You might be wondering whether legalizing marijuana will mean the end of the black market for cannabis. It’s highly unlikely. Here’s why the market will continue to operate, and how legalized marijuana will impact it.
It’s Not Likely
People do not expect the black market to disappear. It’s just too big and too complex to vanish overnight.
Cities are confused about policing medical marijuana dispensaries. This grey area may not become clear even with legalization. The currently operating pot shops in place now, such as storefront dispensaries, make receiving marijuana without an authorization from a health professional both easy and discreet. The black market is a mature enterprise that can’t possibly be destroyed in an instant once the product becomes legal.
The issue is the length of time the black market has been in operation: It’s its own system derived from loyal customers who have been buying products at seemingly reasonable prices. The majority of current users don’t believe the market will be ready to sell come legalization day. Even after the legislation changes, it’s expected that regular users will be more likely to stick with their current sources. Customers know the products they currently use; they’ve established a working relationship; and they know exactly what strain of cannabis works for them. There are some, however, who are ready to purchase marijuana legally—for the sake of convenience.
Displacing the existing infrastructure is the biggest challenge facing governments. In 2015, Stats Canada estimated the black-market cannabis industry to be at approximately $6.5 billion. Factors necessary to begin denting that industry include: price point, accessibility, and variety—essentially, doing what the black market does in a legal way. The price point is a hotly argued topic, where legal private retailers may be unable to compete with pricing, especially in bulk. Forecasted provincial and territorial plans still provide the black market with plenty of room to operate. To dent the market, cannabis sales will have to be open to effective competition from different types of retailers.
Current dispensaries in Ontario, which will not be legally allowed to sell marijuana, won’t be able to benefit from the opportunity of private retail. Cannabis produced in Ontario will only be sold through Crown-regulated businesses and licensed producers for medical cannabis. This is predicted to impact fair pricing and variety, limiting users who weigh both of these factors before making a purchase. The black market, however, will be readily available on both fronts.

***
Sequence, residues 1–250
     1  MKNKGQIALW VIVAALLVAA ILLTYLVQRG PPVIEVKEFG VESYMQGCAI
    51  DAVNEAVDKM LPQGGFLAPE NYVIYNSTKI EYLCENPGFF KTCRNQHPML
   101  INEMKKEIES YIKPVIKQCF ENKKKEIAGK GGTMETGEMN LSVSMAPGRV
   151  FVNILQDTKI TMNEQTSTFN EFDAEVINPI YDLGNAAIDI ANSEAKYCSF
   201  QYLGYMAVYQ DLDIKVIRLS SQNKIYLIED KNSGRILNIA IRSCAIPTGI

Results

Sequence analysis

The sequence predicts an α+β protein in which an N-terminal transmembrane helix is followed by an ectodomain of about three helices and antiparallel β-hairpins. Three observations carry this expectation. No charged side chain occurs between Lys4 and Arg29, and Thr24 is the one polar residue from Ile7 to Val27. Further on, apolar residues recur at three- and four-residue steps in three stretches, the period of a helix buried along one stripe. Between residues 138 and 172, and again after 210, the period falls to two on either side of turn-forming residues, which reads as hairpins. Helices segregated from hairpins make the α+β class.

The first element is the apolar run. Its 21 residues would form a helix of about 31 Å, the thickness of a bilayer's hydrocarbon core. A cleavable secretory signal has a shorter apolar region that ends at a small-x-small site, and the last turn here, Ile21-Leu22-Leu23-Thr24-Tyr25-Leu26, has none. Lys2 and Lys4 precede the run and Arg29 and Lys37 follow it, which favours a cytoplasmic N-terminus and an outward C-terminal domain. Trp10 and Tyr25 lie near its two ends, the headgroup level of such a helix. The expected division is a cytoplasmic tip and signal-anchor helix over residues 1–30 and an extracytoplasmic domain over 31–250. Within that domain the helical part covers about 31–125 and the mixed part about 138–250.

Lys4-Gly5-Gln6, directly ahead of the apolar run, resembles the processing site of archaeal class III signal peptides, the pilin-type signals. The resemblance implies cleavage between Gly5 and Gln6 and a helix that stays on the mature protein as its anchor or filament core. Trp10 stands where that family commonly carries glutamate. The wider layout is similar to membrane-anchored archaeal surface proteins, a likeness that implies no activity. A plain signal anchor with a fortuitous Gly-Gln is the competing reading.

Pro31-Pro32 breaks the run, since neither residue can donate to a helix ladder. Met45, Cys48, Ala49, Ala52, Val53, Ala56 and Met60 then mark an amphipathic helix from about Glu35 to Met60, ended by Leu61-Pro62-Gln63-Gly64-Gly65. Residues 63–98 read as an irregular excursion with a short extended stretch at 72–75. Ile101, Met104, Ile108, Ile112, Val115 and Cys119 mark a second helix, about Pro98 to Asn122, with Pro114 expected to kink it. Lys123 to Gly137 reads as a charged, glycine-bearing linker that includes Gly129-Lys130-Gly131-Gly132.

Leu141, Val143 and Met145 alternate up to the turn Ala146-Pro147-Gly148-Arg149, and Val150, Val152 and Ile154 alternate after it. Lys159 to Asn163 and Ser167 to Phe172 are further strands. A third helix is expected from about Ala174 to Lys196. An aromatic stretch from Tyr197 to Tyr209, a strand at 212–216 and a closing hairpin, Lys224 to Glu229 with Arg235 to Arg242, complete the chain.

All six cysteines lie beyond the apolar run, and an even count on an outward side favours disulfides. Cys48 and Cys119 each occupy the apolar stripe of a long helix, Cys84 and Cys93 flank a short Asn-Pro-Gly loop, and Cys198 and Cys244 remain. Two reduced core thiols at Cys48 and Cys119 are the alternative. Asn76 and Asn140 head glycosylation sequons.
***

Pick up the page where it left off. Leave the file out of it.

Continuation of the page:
The Government Is Hopeful
Working with the proper cannabis companies and using private branding may be a major player for private retailers, acting as a legal alternative to the black market. In addition, the country needs to simultaneously address and promote public health concerns while building up this billion-dollar industry.
It’s unclear how much the market will shrink and how long it will take, noting that it really depends on the growth of the legal market and individual provincial regulations. Distribution and retail will vary by province and territory, as it’s thought that each one has the best understanding of its communities and demographics.
Both provincial and federal governments hope legalization will lead consumers to abandon the black market in favour of buying cannabis legally. The push across the provinces and territories will be to have small growers and related businesses obtain licensing in line with state-regulated requirements, instead of staying underground to continue selling it illegally. Provinces and territories want to convince frequent users to take the legal route for purchasing recreational cannabis.
There are arguments for why marijuana should be legalized. The government will have to meet the demand of cannabis users if it hopes to curb the current state of the black market.